Study: No Real Progress In Chicago Grade School Reading In 20 Years

Source: Chicago Sun-Times

So after waves and waves of reform, you thought Chicago public elementary schools had made tremendous progress in the last 20 years?

Think again.

Despite millions of dollars in fixes and programs, Chicago’s elementary grade reading scores have barely budged over the last two decades, a new report by the University of Chicago’s Consortium on Chicago School Research has found.

Math scores improved only “incrementally” in those grades, and racial gaps in both subjects increased, with African American students falling the most behind other groups, especially in reading — an area pushed heavily under former Mayor Richard M. Daley.

But the good news in a unique study called “Trends in Chicago’s Schools Across Three Eras of Reform: Summary of Key Findings” is that Chicago Public Schools made “dramatic improvement” in its high school graduation rate over almost two decades. Less than half of CPS freshmen graduated by age 19 in 1990, compared to about two thirds today, the study said.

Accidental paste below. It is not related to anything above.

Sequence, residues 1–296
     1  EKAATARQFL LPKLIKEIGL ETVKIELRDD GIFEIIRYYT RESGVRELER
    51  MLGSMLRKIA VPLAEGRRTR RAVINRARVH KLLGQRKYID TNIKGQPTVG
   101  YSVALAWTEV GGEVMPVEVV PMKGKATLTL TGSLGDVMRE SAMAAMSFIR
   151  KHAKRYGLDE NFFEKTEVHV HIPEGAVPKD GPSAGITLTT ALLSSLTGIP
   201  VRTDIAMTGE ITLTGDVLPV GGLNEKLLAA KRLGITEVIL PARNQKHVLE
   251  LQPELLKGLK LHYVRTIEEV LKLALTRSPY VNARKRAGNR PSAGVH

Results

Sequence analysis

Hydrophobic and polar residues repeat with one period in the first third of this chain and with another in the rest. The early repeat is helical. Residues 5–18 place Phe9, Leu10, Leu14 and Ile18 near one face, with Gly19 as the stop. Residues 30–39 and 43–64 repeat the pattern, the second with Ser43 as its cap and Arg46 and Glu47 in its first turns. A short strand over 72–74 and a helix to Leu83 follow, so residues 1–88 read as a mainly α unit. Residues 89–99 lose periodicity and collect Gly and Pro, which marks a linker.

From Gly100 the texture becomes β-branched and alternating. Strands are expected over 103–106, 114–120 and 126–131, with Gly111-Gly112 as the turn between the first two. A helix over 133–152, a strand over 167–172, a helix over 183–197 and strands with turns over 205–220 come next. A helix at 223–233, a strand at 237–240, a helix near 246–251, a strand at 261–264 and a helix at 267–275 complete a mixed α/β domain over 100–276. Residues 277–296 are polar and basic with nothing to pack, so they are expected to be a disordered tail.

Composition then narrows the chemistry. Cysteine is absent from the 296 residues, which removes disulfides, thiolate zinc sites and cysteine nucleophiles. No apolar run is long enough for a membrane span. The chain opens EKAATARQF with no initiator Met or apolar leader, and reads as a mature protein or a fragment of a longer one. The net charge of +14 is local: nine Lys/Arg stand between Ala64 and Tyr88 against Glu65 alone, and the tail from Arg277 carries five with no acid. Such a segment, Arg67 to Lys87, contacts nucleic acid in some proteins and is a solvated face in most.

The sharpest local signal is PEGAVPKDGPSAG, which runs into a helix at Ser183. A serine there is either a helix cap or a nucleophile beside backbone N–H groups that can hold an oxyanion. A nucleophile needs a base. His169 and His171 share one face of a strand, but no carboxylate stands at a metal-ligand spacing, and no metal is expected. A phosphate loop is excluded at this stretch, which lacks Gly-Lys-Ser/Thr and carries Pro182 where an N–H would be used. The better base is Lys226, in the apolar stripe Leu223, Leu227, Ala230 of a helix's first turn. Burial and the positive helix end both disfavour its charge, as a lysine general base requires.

Plus, during the later half of that time period, the average CPS ACT score rose from 16.2 in 2001 to 17.2 in 2009, controlling for changes in student demographics, the study found.

While high schools have long been considered the system’s Achilles heel, the study indicates CPS high schools “managed to accomplish a miracle,” said Barbara Radner, director of DePaul University’s Center for Urban Education. Although each year of arriving freshmen showed up unprepared and not much more capable than the batch before them, high schools held on to an increasing number of them, and prodded them into improved ACT scores, Radner said.

To read this article in its entirety visit the Chicago Sun-Times.

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